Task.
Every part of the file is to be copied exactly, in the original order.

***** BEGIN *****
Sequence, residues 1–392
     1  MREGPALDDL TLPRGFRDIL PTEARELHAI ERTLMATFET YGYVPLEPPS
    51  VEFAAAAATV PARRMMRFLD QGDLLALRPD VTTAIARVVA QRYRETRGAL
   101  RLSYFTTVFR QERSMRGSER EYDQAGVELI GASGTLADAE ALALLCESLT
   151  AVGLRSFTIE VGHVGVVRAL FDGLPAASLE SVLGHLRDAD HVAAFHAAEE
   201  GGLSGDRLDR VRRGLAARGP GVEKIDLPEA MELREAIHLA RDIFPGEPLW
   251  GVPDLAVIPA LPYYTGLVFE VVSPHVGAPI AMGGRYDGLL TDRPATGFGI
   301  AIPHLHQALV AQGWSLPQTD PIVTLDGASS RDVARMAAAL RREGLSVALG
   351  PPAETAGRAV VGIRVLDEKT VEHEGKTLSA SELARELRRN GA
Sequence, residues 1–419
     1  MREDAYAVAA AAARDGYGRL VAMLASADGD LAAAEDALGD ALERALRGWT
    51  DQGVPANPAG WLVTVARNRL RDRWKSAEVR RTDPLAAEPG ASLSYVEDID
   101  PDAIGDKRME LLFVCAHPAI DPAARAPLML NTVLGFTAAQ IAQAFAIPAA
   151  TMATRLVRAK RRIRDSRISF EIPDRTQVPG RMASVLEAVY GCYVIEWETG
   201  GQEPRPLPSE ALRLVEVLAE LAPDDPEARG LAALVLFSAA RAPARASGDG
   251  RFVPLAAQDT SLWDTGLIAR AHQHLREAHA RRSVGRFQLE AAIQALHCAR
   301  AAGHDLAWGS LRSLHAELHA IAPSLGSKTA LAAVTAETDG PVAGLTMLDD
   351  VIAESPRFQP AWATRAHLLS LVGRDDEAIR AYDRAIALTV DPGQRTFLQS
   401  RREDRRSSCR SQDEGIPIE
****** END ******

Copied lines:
Sequence, residues 1–392
     1  MREGPALDDL TLPRGFRDIL PTEARELHAI ERTLMATFET YGYVPLEPPS
    51  VEFAAAAATV PARRMMRFLD QGDLLALRPD VTTAIARVVA QRYRETRGAL
   101  RLSYFTTVFR QERSMRGSER EYDQAGVELI GASGTLADAE ALALLCESLT
   151  AVGLRSFTIE VGHVGVVRAL FDGLPAASLE SVLGHLRDAD HVAAFHAAEE
   201  GGLSGDRLDR VRRGLAARGP GVEKIDLPEA MELREAIHLA RDIFPGEPLW
   251  GVPDLAVIPA LPYYTGLVFE VVSPHVGAPI AMGGRYDGLL TDRPATGFGI
   301  AIPHLHQALV AQGWSLPQTD PIVTLDGASS RDVARMAAAL RREGLSVALG
   351  PPAETAGRAV VGIRVLDEKT VEHEGKTLSA SELARELRRN GA
Sequence, residues 1–419
     1  MREDAYAVAA AAARDGYGRL VAMLASADGD LAAAEDALGD ALERALRGWT
    51  DQGVPANPAG WLVTVARNRL RDRWKSAEVR RTDPLAAEPG ASLSYVEDID
   101  PDAIGDKRME LLFVCAHPAI DPAARAPLML NTVLGFTAAQ IAQAFAIPAA
   151  TMATRLVRAK RRIRDSRISF EIPDRTQVPG RMASVLEAVY GCYVIEWETG
   201  GQEPRPLPSE ALRLVEVLAE LAPDDPEARG LAALVLFSAA RAPARASGDG
   251  RFVPLAAQDT SLWDTGLIAR AHQHLREAHA RRSVGRFQLE AAIQALHCAR
   301  AAGHDLAWGS LRSLHAELHA IAPSLGSKTA LAAVTAETDG PVAGLTMLDD
   351  VIAESPRFQP AWATRAHLLS LVGRDDEAIR AYDRAIALTV DPGQRTFLQS
   401  RREDRRSSCR SQDEGIPIE